Sadly, many of these old buildings have fallen down or been removed over the years. Hiking to a former lookout site isn't quite as fun, but it's still interesting. There are hundreds of these sites in my local mountains. In the lookout heyday, people stationed throughout the forest would have been able to see the lights of their fellow lookouts in the distance, and share recipes on a phone line strung for miles on the trees.

Looking around, we can usually find traces of the towers and cabins that once graced the tops of the peaks. Concrete footings, nails, and pieces of glass are common, as are old, rusted cans and outhouse pits. On a couple of mountains I've found old bedframes, too unwieldly or remote to have been carried down. Old trails that led to water springs or other routes off the hills can still be found. It's easy to imagine the solitary man or woman who once lived up here, carrying drinking water and chopping firewood, stopping to gaze at the horizon to look for smoke.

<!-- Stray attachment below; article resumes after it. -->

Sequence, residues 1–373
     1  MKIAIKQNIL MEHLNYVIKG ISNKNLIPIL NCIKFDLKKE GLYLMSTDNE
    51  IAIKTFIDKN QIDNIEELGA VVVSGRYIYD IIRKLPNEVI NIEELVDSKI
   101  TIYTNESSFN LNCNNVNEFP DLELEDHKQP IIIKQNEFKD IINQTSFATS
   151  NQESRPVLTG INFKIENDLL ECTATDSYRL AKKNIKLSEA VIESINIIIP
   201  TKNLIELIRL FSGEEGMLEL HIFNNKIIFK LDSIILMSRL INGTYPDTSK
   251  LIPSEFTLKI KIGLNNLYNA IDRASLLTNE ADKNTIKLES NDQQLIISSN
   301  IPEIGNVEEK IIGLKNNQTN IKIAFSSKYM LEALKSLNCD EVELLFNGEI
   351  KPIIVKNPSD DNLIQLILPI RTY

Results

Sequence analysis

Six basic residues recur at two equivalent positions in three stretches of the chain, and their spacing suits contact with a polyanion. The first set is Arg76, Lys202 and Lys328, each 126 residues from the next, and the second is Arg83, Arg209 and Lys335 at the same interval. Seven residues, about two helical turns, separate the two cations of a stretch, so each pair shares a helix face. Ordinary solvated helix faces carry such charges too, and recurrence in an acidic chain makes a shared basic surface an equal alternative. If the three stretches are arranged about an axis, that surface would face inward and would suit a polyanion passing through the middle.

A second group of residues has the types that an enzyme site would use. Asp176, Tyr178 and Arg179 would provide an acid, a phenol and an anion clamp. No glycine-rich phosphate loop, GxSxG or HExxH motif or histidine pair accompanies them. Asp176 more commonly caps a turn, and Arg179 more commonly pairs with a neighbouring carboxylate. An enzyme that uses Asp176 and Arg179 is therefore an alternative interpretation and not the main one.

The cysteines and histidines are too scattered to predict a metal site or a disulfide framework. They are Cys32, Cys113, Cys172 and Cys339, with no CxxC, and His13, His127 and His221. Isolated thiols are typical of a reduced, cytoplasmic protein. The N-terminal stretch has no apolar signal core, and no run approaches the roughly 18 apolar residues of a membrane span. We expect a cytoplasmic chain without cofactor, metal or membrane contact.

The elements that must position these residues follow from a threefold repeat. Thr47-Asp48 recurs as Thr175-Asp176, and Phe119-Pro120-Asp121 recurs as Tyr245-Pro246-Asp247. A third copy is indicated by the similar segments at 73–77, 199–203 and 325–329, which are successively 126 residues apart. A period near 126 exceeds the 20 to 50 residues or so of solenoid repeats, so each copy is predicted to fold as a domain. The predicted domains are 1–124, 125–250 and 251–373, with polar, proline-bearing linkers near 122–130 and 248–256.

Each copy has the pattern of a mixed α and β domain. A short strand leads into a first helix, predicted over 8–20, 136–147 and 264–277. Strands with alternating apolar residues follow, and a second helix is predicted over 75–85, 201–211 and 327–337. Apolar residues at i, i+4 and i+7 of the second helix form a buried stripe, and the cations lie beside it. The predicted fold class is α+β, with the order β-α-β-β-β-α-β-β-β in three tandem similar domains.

Old bed frames at a former lookout site

Long after the buildings have fallen down and the trails fade into obscurity, the spectacular views still remain. Visiting enough of these sites, you can usually find where the lookout once stood by assessing the terrain. I wish all the lookouts were still there, but I know that's impossible, with harsh winter weather and lack of funding for upkeep. When I go there, I can still dream of what it must have been like to stay up here, in a little house in the sky.

There once was a fire lookout here. It must have been really terrible to look at this view every day.